Labyrinth Wellie Walking

 

March Thaw

Best to stay on the path 

A sure bet I’ll get wet on this walk.  Wellies are great in March during mud season.  Sucking sound of the mud pulling my  boots Both expected and not so becomes a point of distraction.  The center rock gives me pause and I have decided that it probably does that for other pilgrims, too.  It is a barrier but not intended as such.  I step around it, remembering the dream of the horse.  I make friends with the horse and the rock and with my Guide, walk into the labyrinth.

A day like New England in spring – moist, seasonally cool, a bit foggy.  Remnants of fall plants litter the ground.  They don’t block the path, but need stepping over, and actually considering their role.

The little puddles make me think of the ephemeral pools of later spring where we would find the dark spotted orange newts. This past autumn my nieces and I found them on our walk at the Ledges in N.H.  An indicator of the general environmental health of a place.

Rodent trails

Trails exposed

Further along a winding half tunnel crosses the path.  A rodent that is safe traveling under the snow is now at risk from above by raptors on the move. So, I follow it across the lawn to the edge of the drive where it disappears.  Re-tracing my steps I pick up my path between the rocks and dormant plants. Sparkly Rock makes a good stop. So, I think, listen, watch, breathe, feel. All that sentient stuff.

Even in death the grasses, stalks and random leaves have intriguing colors, shapes and textures. Do fashion types look at nature to capture colors and textures for the next season’s hits? What use do these skeletons from last year have? I can think of some.

Spring

Earth, Air, Water, Ice

The path alternates between squishy and more solid footing. And I have to walk through a long stretch of surface water.  At Second Bench I sit and reflect on my morning Sauna Reiki and visualizing this walk.  I’m following it pretty closely.  Guide with me as I entered, going along with, allowing distractions. At Second Bench on the outer circle closer to the road Guides assured me “We have your back. You are supported.” Integrated Energy Therapy concepts. As the circuits become smaller I know I am closer to the center and suddenly am far away both physically and emotionally.  I’m “home” in New Hampshire – out by the brook, in the tall grasses, amid the alders, stepping hammock to hammock.  I thank Daddy for showing me these things as a kid.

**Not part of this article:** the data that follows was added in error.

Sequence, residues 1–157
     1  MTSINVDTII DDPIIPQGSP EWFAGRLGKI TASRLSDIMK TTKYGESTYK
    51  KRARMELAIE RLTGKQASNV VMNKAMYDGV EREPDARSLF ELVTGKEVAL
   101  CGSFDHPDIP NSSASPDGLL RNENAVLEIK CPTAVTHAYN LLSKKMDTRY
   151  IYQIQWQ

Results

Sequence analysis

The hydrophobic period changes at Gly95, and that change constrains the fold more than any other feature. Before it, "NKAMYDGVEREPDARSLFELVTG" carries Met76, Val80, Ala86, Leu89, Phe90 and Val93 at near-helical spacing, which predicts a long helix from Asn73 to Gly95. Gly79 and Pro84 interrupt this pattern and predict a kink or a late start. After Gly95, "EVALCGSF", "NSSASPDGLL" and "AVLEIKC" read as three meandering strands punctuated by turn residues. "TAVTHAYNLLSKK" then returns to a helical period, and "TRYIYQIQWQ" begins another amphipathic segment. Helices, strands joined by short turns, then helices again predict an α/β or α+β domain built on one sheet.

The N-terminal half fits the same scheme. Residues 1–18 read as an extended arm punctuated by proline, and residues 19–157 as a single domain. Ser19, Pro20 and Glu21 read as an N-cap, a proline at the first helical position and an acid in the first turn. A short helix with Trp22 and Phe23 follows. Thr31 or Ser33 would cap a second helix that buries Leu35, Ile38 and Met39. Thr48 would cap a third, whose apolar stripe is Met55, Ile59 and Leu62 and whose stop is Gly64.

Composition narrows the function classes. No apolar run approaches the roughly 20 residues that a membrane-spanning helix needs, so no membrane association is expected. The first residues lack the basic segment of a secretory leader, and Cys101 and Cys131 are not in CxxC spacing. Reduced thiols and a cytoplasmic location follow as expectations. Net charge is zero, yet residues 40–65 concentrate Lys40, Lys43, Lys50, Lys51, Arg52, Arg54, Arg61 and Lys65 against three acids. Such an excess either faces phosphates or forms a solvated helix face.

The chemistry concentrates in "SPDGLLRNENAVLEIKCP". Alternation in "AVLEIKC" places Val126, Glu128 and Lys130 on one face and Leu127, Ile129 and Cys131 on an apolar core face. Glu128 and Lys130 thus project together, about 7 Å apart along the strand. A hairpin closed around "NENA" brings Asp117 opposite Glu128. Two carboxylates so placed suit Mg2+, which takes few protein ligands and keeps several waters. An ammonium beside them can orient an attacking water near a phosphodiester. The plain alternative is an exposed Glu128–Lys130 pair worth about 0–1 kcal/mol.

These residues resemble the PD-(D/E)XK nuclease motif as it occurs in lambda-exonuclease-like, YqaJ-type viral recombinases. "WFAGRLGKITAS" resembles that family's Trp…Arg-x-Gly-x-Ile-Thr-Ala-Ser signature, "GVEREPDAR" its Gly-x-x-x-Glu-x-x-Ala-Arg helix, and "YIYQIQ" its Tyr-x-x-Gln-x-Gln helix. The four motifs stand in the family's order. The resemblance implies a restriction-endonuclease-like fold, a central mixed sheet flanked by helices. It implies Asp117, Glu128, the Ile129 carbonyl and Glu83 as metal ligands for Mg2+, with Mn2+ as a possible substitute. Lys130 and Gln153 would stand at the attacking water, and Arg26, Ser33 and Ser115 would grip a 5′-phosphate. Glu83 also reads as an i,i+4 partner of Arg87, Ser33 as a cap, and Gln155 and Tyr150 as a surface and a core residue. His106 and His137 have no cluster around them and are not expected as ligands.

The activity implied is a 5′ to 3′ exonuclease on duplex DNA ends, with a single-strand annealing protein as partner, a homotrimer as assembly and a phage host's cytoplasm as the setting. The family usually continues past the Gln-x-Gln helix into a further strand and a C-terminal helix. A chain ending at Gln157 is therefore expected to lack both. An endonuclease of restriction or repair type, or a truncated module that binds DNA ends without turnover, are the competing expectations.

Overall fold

woodpecker hole

Living. Hollow. Doomed. Magnificent.

At first bench I sit and am simultaneously on the front porch with one to be a friend, held close in comfort, “It’s all right.” Then, at the magnolia tree – is it a vortex? I touch each trunk, note the fresh woodpecker hole then, like the kids and almost every adult I have seen at Center, climb into the cradle of Center’s arms.

For once, I follow the entire path back out, striding quickly and just like in the Sauna walk, I approach the entrance and walk right through the rock (metaphorically speaking) and don’t even realize it.  I am out of the labyrinth and the Guide just let me go on my own, because I can do it now.

A weight has lifted today.  I was blessed with the honor of giving two Reiki sessions with clients and my own Sauna Reiki which perhaps cleared the air. Opened the heart.

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About marionpatterson

From the Heartland: Marion is a master educator, writer, Veriditas Trained and Certified Labyrinth Facilitator, creator and workshop promoter, and environmental educator. A Holy Fire II Usui and Holy Fire II Karuna Reiki Master Teacher, Healing Touch Spiritual Ministries Certified Practitioner (HTSM-CP), Advanced Integrated Energy Therapy practitioner she seeks to connect with others in their knowledge and spiritual quests. She leads Healing Talking Circles using the principles embraced by indigenous populations and in Restorative Justice Circles. She and her husband, Rich, co-own Winding Pathways LLC and live in Eastern Iowa. "Encouraging people to create wondrous yards." Go outside and Play!
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